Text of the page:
Town’s K9 officer retires; handler leaves department

The Nashville Metropolitan Police Department has lost two of its veterans: one to retirement and one to another job.

Assistant Chief Tim True submitted his resignation during the last week of February. This week, he started working for a Columbus Regional Hospital ambulance crew as an emergency medical technician.

True’s K-9 partner, Biker — who will turn 9 on April 9 — was medically retired last month.The cavity around Biker’s heart had filled with blood, putting pressure on it. He has gone through a couple procedures to drain it and veterinarian decided he can no longer work, True said. He now must take heart medication twice a day for the rest of his life.

On Feb. 15, the Nashville Town Council voted to give Biker to True as a gift, which was the agreement they had at the beginning of their partnership, Chief of Police Seastrom said. This releases the town from financial obligation from future medical bills and allows Biker to live out his days with the True family.

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Biker and True and been partnered since January 2012, about a year after True joined the Nashville Police Department.

The German shepherd came to the department from North Carolina as a 2-year-old, and very quickly he established himself as an asset.

By March, he and True had won the overall championship in the regional American Police Canine Association Winter Sniff-Out. Among the skills they demonstrated was detecting narcotics in a vehicle in three seconds.

From the beginning, Biker was highly receptive to retrieving tennis balls and being rewarded for finding them, True said.

“It’s not work for them. It’s all about a game. It’s all about finding the ball or the toy,” True told The Democrat last year. “When he gets out of the car, he’s looking for a ball. He doesn’t know what marijuana is. He’s looking for that ball.”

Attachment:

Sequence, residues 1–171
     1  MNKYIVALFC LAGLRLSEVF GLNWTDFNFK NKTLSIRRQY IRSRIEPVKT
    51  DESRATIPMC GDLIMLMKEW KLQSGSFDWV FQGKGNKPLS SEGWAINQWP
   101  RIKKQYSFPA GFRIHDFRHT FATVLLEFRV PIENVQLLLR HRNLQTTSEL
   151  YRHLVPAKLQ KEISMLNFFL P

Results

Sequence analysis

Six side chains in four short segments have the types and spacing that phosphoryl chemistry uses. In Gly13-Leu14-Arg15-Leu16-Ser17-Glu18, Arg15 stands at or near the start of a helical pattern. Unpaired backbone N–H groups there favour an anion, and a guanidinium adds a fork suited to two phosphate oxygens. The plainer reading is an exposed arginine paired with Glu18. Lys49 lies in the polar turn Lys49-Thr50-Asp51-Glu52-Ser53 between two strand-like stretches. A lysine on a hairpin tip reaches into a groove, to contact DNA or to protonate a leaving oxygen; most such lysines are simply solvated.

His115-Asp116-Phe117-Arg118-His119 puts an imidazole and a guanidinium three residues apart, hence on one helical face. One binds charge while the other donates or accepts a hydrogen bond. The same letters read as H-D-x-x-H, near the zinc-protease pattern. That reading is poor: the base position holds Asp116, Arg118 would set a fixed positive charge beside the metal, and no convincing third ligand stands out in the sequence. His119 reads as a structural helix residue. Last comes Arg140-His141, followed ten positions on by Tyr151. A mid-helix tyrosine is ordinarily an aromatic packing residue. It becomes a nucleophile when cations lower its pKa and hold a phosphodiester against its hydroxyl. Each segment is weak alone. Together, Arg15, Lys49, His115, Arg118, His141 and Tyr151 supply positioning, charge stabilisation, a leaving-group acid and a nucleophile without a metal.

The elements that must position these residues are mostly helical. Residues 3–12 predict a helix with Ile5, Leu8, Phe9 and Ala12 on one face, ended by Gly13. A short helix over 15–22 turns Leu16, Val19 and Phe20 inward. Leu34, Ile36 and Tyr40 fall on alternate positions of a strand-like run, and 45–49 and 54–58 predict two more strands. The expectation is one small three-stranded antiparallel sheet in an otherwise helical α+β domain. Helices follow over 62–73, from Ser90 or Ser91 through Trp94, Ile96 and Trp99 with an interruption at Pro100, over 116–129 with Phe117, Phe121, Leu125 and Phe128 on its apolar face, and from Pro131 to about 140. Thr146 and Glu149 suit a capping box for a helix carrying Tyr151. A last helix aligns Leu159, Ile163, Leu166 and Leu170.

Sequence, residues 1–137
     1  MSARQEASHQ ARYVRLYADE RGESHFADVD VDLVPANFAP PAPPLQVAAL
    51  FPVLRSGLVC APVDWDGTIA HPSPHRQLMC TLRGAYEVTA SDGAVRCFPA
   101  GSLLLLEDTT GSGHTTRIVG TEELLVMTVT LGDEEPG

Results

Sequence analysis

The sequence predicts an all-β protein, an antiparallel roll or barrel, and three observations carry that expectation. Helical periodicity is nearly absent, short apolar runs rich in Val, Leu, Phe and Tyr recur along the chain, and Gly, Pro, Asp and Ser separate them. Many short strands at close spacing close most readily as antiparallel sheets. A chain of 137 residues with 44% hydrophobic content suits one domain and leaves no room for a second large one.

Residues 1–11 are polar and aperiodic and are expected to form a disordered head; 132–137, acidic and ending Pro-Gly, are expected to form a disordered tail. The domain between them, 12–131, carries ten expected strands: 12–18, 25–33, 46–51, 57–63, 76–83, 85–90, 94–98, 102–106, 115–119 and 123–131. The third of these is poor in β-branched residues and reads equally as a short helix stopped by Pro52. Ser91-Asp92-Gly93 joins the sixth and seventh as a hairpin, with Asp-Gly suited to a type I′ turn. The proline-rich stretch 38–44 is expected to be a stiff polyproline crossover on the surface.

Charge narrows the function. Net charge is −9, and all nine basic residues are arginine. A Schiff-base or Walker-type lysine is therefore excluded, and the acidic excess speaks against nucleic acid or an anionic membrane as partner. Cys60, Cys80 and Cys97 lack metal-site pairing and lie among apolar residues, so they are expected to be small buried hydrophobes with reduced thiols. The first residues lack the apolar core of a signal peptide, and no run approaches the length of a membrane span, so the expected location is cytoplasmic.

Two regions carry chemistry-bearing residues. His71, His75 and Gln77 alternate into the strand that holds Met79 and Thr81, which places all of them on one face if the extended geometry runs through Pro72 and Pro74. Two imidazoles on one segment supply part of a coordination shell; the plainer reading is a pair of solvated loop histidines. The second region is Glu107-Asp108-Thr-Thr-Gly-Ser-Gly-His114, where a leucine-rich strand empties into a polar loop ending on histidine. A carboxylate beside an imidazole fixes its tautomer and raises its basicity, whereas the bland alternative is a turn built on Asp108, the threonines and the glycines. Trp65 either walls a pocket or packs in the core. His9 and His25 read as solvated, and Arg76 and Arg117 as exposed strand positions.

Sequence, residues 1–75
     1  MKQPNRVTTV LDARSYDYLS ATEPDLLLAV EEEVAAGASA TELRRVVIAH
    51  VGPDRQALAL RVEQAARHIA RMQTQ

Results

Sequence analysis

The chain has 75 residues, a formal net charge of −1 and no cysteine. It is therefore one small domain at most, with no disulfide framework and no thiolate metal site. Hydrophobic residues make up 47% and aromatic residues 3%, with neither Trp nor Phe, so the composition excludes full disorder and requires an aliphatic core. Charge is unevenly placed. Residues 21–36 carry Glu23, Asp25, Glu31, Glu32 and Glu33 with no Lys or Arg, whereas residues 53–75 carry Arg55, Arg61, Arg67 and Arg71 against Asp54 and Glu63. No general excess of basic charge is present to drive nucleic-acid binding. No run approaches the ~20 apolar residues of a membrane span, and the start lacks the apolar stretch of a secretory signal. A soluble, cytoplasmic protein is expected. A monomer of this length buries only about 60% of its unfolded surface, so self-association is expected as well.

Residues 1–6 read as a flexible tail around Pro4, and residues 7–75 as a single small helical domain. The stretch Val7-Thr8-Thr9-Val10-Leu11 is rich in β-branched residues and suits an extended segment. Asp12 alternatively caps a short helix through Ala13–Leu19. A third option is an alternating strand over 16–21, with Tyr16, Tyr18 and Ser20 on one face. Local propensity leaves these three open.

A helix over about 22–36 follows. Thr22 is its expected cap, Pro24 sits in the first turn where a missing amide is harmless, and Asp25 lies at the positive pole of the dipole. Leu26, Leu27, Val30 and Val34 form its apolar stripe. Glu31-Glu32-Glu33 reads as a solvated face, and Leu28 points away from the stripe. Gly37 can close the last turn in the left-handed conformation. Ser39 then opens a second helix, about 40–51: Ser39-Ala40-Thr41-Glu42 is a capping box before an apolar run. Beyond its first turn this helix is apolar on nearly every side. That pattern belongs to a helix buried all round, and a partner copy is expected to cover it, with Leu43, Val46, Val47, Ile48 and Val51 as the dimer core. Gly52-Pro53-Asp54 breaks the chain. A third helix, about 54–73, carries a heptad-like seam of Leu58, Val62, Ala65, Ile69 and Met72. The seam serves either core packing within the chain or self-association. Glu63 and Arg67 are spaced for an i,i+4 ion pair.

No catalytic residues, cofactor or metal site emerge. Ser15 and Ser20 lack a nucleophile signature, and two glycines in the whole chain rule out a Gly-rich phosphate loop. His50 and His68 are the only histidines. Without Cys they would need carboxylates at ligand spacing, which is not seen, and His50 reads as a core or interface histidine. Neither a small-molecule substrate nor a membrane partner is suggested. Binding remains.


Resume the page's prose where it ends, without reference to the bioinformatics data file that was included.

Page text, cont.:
Biker and True were trained in suspect apprehension and person-tracking as well as narcotics detection. The pair trained at least 16 hours a month in sniffing.

The dog became a member of True’s family. “It’s amazing the bond that you build,” True said last year. “He will follow me wherever I go.”

The Brown County Sheriff’s Department has two police dogs. Seastrom told the town council he’d like to see the Nashville police get another K-9, but they’re going to hold off for now while they train officers.

When the Brown County (Nashville) Volunteer Fire Department temporarily stopped responding to medical calls last spring, True, an EMT, had started trying to train Nashville Police officers to become emergency medical responders, but the turnover in the police department made that difficult. When the exact shift he needed to work with his family’s schedule came open at CRH, he knew he had to take it, he said.

Four full-time officers are left on the department besides Seastrom, with one more slot open for a new hire to replace True. The most experienced officer behind Seastrom is Keith Lawson, who was hired last March. Two of the four are studying at the Indiana Law Enforcement Academy in Plainfield until June.

The department also has three part-time officers, a grant-funded crisis intervention advocate and three volunteer reserve officers they can ask to help when needed.

Until a new officer is hired, Seastrom is working more shifts and pulling in help from his part-timers.

“The good part is, I like to work, so it means I get to go do it,” Seastrom said.

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Sara Clifford has been raising a family in Brown County since 2005 and leading the Brown County Democrat since late 2009. In addition to editor, she is the beat reporter for town government and writes columns, features and general news stories.